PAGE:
The Three Lives of David Wong

A feature documentary directed by Diane Paragas & produced by Leslie Norville




“The Three Lives of David Wong” is a ground-breaking feature documentary following the harrowing journey of an undocumented, Chinese-American man facing a life sentence for a crime he did not commit. David finds hope in a rag-tag Asian-American activist group who eventually became the friends and family he longed for. Told through a bold mixture of shadow puppetry, handmade marionettes, computer animation and live action verité, we follow David through his early years in China, through his conviction, life in prison, trial and eventual exoneration and deportation. The film, which unfolds over 30 years, is an inspiring story of triumph and perserverance against the most impossible odds.

The film, directed by Diane Paragas and produced by Leslie Norville, has received support from the Sundance Creative Producing Lab, The Bertha Foundation, CAAM and John T and Katherine D MacArthur Foundation.




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Diane Paragas

Diane Paragas (Director/Producer) has a diverse directing background from documentaries, commercials, to narrative films and branded content with much of it rooted in the stories of real people. Her first documentary film Kababayan was released on PBS and explored the Filipino-American experience. She also directed for the Peabody Award and Emmy Award winning Egg the Arts Show, as well as programs for Bravo, BET and CBS. Her most recent documentary Brooklyn Boheme¸ co-directed by Nelson George, celebrated the African American arts movement that launched the careers of Spike Lee, Chris Rock and Rosie Perez to name a few. The film went on to win the Black Reel award for Best Television Documentary and premiered on SHOWTIME.  Currently, Paragas is developing a narrative feature film, Yellow Rose, about an undocumented Filipino-American girl pursuing a dream to become a country music star. “Commercials, documentaries and narrative films are all about storytelling,” she says. “I don’t distinguish between them. Whether I’m working with a big crew, a small crew or by myself, it’s all storytelling.”



Leslie norville

Leslie Norville (Producer) most recently produced the feature documentary, A Ballerina’s Tale, a documentary about Misty Copeland the first African American female principal dancer at New York’s American Ballet Theatre. The film was named best documentary by the African-American Film Critics Association and was released theatrically in the US in 2015 by Sundance Selects. Some of Leslie’s additional credits include Finding The Funk, an official selection at the 2013 SXSW Film Festival about the history of funk music, narrated by Ahmir 'Questlove' Thompson of the Roots; and Disdain The Mundane an ESPN 30 for 30 documentary short featuring legendary NY Knick, Walt 'Clyde' Frazier. Leslie is also the recipient of both the Tribeca Documentary Fund and Funding Exchange grants. Leslie’s focus is on character driven films that reflect cultural perspectives rarely seen on screen. She’s currently developing a feature adaptation of Lori L. Tharps’ popular memoir Kinky Gazpacho, about a young black woman’s coming of age as she travels through Spain. This will be her first narrative feature as a producer.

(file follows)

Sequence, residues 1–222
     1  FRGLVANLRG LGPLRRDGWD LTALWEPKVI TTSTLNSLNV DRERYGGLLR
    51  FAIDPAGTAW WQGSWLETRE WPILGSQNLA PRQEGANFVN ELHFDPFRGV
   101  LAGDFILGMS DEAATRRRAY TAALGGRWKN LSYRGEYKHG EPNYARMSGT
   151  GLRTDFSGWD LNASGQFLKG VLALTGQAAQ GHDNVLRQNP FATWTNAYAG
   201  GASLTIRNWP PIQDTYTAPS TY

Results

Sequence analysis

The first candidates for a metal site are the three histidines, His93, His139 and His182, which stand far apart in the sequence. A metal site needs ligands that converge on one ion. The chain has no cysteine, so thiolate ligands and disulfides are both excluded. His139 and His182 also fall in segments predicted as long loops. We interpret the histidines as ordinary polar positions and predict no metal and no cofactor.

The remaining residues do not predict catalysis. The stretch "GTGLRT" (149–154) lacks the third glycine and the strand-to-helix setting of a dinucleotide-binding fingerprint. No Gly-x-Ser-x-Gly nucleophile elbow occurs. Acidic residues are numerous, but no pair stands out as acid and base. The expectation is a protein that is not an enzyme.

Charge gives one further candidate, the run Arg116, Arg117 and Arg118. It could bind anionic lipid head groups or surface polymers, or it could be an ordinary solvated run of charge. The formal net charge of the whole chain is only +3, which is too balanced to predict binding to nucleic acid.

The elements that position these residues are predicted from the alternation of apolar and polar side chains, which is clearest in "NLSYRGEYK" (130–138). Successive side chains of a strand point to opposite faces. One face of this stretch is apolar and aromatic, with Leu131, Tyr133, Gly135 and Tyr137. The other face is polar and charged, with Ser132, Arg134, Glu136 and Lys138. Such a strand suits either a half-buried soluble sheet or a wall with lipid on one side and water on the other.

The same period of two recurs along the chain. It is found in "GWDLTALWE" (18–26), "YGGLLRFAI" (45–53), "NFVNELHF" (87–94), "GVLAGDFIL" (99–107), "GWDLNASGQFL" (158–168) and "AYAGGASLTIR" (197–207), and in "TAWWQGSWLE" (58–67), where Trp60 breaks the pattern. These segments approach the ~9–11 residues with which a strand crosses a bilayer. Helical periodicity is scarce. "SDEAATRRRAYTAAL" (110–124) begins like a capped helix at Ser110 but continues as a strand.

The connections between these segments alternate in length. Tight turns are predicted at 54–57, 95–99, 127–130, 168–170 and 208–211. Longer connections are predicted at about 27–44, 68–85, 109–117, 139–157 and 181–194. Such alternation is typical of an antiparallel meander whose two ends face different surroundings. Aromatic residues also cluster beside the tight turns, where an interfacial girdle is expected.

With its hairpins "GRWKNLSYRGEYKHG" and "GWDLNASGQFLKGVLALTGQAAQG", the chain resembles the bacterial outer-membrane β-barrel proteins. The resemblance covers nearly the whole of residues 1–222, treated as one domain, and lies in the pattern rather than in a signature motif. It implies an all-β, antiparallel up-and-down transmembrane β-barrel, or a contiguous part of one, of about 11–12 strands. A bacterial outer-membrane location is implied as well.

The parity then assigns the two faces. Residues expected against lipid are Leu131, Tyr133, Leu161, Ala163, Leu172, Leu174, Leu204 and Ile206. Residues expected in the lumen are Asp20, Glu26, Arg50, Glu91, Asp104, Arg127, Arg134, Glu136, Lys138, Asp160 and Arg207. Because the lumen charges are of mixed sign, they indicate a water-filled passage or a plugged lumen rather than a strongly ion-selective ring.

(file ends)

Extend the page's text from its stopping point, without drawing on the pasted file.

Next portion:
Glen Zipper

Glen Zipper (Executive Producer) is an Oscar-winning producer whose credits include The Last Play at Shea about rock icon Billy Joel, the Grammy winning Foo Fighters: Back and Forth and Martin Scorsese's Emmy winning George Harrison: Living in the Material World. In 2011, he produced Undefeated along with Seth Gordon, Daniel Lindsay, Rich Middlemas, and Ed Cunningham. Undefeated was purchased by Harvey Weinstein of The Weinstein Company and went on to win the 2012 Academy Award for Best Documentary. In 2015, Glen produced The Nightmare, a non-fiction horror film from director Rodney Ascher (Room 237). The Nightmare premiered at the 2015 Sundance Film Festival and has been reviewed as "the scariest movie of the decade" and "one of the scariest documentaries ever.


Cecilia Mejia

Cecilia Mejia (Co-Producer) has worked in development for several nonprofit organizations, including NGOs affiliated with the UN. Having worked for the former Assistant Attorney General of the Charities Bureau, she was inspired to pursue a Master’s degree in Public Administration and Affairs. She followed up her studies at the Columbia Business School Developing Leaders Program for Nonprofit Professionals. She’s worked with several grassroots organizations focusing on underrepresented communities, which lead to her working on a short documentary about the struggles of detained undocumented families. She produced a short film (YELLOW ROSE), and is in development for a number of projects.  She most recently worked on the Development team for Scenarios USA, a nonprofit that uses film and writing to engage young people on issues of social justice, identity and health by asking “What matters to you?